Target Security Staff Raised Alarm Before Data Breach: WSJ

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Target's cybersecurity staff urged the retailer to review the security of its payments system at least two months before hackers compromised its network, according to a report in the Wall Street Journal.

At least one Target intelligence analyst recommended that the store conduct an in-depth review of its payment systems' vulnerability to malware, a former employee told the Journal. But Target initially postponed the review, leaving it exposed to the attack that compromised 40 million cardholders' credit and debit card numbers and 70 million customers' phone numbers and email addresses. 

Target was updating its payment terminals at the time of the warning, "a process that can open security risks because analysts would have had less time to find holes in the system," according to the Journal. The retailer was also preparing for the holiday rush season.

Target did not immediately respond to a request for comment or confirmation.

The hackers behind the data breach appear to have plotted the attack for months in advance, according to an article published this week by security expert Brian Krebs, who first broke the news of the Target data breach. The fraudsters used the password of a heating, ventilation and air conditioning vendor, Fazio Mechanical Services, to penetrate Target's network, according to Krebs.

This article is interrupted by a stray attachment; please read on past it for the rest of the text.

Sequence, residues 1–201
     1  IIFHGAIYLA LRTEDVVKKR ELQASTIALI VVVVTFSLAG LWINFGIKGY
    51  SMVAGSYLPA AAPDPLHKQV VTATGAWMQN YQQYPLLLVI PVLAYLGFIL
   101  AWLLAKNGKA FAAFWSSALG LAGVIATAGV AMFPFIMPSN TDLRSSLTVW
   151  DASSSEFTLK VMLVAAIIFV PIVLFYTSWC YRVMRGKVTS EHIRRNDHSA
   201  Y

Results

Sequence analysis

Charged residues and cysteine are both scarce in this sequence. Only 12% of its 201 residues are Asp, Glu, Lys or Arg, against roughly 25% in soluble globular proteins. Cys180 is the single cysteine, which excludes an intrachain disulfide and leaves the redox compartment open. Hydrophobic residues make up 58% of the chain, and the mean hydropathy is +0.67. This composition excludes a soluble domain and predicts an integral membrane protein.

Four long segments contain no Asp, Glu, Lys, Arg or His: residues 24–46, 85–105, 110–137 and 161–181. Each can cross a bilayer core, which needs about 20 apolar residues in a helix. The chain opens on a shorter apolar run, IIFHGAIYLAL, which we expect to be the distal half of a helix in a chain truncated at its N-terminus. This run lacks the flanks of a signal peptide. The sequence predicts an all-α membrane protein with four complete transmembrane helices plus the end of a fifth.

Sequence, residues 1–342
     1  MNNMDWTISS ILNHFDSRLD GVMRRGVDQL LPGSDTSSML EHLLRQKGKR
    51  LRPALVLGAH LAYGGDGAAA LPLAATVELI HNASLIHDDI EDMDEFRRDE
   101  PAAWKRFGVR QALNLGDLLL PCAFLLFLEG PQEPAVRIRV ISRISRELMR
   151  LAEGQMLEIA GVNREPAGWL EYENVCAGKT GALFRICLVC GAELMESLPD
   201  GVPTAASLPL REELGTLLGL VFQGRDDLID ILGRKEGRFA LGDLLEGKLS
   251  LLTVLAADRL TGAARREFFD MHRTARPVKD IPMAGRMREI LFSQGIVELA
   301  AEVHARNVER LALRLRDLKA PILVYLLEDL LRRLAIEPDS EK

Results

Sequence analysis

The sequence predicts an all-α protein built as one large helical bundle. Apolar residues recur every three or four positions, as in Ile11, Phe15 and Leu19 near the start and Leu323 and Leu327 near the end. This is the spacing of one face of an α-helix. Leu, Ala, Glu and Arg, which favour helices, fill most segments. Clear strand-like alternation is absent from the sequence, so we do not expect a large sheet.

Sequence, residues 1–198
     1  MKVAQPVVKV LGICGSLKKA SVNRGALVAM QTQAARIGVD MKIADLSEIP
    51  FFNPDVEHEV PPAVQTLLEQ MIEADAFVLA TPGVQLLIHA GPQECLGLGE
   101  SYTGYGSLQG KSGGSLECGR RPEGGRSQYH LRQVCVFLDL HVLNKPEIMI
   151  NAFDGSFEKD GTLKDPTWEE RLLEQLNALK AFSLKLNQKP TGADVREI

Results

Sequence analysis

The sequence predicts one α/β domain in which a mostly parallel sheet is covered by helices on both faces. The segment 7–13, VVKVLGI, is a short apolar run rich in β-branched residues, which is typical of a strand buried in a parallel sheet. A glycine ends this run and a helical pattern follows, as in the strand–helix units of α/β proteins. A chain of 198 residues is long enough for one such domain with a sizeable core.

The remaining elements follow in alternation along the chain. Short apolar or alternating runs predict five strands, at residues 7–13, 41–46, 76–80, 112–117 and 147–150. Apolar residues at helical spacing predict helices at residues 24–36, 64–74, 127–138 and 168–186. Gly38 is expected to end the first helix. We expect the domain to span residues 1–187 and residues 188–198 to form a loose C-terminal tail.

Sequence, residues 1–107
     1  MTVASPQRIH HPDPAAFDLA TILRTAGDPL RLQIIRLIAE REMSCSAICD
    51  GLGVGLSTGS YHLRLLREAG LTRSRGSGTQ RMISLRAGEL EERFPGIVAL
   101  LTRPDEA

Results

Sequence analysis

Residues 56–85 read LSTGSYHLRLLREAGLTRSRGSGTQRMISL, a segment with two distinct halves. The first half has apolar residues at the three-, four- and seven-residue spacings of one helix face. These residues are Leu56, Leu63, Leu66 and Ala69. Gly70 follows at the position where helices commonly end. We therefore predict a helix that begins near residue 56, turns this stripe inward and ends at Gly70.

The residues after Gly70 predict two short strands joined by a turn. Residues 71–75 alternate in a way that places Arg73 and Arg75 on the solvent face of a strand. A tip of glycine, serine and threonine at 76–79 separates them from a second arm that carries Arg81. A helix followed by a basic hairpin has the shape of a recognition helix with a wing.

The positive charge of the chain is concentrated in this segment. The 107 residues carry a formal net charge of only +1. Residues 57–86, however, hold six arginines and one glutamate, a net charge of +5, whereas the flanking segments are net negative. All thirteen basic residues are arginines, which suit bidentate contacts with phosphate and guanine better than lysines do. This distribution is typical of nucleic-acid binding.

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Target should be responsible for the costs their lax managment has caused the banking industry. It is interesting to note that most all of the breaches of card information is coming from merchants not the banks. Yet, it is the banking industry that pays for the loses in two ways, first in cost of reissuing cards and second in paying the card holder for loses incurred on the card. The merchant keeps their money and Visa, Mastercard etc. retain their processing fees. The banks that issue the cards are stuck. Visa, Mastercard etc. should have to be responsible for the loses and they would change their rules right away.
Posted by Alfred Kreps | Tuesday, February 18 2014 at 2:59PM ET
It is the banks that end up paying. Merchant doesn't pay for accepting a counterfeit card, of course Visa/MC doesn't pay, and the customers doesn't pay, so the bank ends up paying. Then the changes that Visa and MC made last year taking away the bank's chargeback rights if there was a card present, whether it is a legit stolen card or a manufactured counterfeit card. Things are stacked against the bank, so they are left having to do whatever they can to catch and prevent fraud which ends up sometimes inconveniencing the customer.

Start sharing those losses between the merchant, Visa/MC, and the bank, and you will start to see some real actions that reduces fraud throughout the whole channel.

Yeah, yeah, EMV cards in Oct 2015. I'll believe that when I see the exclusive or a majority use of EMV cards. But then the fraud will probably switch to online transactions.
Posted by Mark K | Tuesday, February 18 2014 at 11:21PM ET
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